When you’re paranoid you’re never alone

“Just because you’re paranoid,” sang one of the bands I idolised as an adolescent, “don’t mean they’re not after you.” And it is hard to refute that logic. The argument against it goes that paranoia is a sign of mental illness. And certainly there are a lot of people in mental institutions who exhibited early signs of paranoia. But, then, people did end up talking about them and locking them up. Which seems to suggest they were right. As Yossarian, a World War II airforceman in the novel Catch 22, says to someone trying to convince him that no-one is trying to kill him: “then why are they shooting at me?” To the answer that they are shooting at everyone, Yossarian replies: “what difference does that make?”

That is no-doubt how many civilians in Lebanon (and yes, Israel too) feel right now. It is probably irrelevant to most people under fire that other people are being shot at too. And it probably makes no difference to them that, according to the New Statesman last week, the UK, the USA and Israel all knew that a major offensive against Hezbollah was going to take place before the kidnap of Israeli soldiers on 12 July. And it should probably not bug me either, but then I am mildly paranoid. As they have all already no-doubt told you.

At home last week, newspapers reported that the government at last exercised its new American-style terror alerts. We are all currently on red alert (or “severe threat”). That doesn’t really make me jumpy, to be honest, just puzzled. What should I do, aside from avoiding ticking packages marked “acme bomb co”? I feel about terror alerts like I do about road-signs warning of falling rocks: “Thanks. That’s, um, comforting…” I do get spooked, however, remembering the remarkable correlation a few years back between US terror alerts and the low approval ratings for George Bush that they so often eerily followed.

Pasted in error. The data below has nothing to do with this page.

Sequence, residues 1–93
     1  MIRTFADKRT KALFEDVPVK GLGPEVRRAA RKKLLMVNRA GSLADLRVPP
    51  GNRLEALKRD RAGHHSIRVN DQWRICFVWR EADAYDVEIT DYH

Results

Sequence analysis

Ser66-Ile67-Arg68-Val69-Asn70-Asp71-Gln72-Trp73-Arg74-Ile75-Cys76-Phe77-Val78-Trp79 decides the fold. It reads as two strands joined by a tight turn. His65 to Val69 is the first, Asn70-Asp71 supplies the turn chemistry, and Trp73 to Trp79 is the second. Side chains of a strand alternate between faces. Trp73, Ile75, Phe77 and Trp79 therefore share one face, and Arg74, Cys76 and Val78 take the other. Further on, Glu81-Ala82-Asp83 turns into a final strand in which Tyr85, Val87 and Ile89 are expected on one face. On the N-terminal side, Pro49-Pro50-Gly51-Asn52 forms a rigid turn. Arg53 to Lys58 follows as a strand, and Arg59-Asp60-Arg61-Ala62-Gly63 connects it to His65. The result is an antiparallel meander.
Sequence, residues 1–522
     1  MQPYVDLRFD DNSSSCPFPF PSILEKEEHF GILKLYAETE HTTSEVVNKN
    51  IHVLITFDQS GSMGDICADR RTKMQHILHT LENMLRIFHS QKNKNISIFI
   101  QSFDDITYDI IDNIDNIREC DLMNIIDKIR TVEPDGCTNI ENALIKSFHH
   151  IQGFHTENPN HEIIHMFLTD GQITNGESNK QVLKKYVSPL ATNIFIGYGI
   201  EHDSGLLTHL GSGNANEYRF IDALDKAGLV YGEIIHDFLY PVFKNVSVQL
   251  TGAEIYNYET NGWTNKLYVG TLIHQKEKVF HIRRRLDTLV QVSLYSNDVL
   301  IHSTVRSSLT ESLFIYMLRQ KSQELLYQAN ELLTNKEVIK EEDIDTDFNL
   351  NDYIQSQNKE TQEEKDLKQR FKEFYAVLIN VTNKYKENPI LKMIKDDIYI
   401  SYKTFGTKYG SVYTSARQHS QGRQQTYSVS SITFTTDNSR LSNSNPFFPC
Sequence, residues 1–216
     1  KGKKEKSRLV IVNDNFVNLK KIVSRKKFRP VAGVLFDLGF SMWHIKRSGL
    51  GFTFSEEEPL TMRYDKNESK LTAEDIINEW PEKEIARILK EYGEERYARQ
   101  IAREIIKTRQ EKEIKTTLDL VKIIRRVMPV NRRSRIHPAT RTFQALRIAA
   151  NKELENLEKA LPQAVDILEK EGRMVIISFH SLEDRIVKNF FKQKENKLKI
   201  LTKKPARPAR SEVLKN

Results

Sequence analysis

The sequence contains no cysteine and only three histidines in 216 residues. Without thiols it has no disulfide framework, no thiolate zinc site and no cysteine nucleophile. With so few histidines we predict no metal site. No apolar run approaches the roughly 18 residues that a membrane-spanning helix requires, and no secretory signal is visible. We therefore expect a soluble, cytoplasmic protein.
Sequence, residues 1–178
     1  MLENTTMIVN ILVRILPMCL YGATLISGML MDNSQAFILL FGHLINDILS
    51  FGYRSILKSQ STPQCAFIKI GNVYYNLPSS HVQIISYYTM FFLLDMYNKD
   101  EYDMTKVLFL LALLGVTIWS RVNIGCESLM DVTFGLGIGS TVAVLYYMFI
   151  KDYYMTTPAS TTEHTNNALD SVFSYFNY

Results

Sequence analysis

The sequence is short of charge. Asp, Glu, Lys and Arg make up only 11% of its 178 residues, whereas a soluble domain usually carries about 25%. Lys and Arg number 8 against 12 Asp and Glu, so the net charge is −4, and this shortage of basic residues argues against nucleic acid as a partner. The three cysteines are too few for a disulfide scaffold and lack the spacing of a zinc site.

Speaking of spooks, news last week that Dame Eliza Manningham-Buller, head of MI5, simply refused to appear before a parliamentary committee on human rights that had summoned her, also gives me a case of what doctors call the heebie-geebies. That not even parliament has much sway over our spies troubles me. But worrying about an Orwellian or Huxleyan future where state control affects all of life is silly. Even when they want to start an extensive database of all children so that, among other things, negative behaviours can be predicted and steps can be taken to intervene and avoid them, as newspapers told us last week.

I am not against this out of some sentimental love of children. Actually, if I am honest, they scare me. So, fitting them with radio-collars that would administer an electric shock if they came too close would probably not raise many objections from me, but it does make me nervous. It’s not that I’m suggesting for a moment that we can’t trust officials with an ever-increasing amount of knowledge and power over ordinary citizens. Heaven forbid. If you can’t trust a government, who can you trust? But I have no idea who the public will elect to that position of power in 20 years time. With the decision we read about last week to get rid of concepts of right and wrong from British classrooms, however, I’m not sure I have a whole lot of faith in the electorate of the future, either. But hey, I’m paranoid. Don’t listen to me. And stop watching too.


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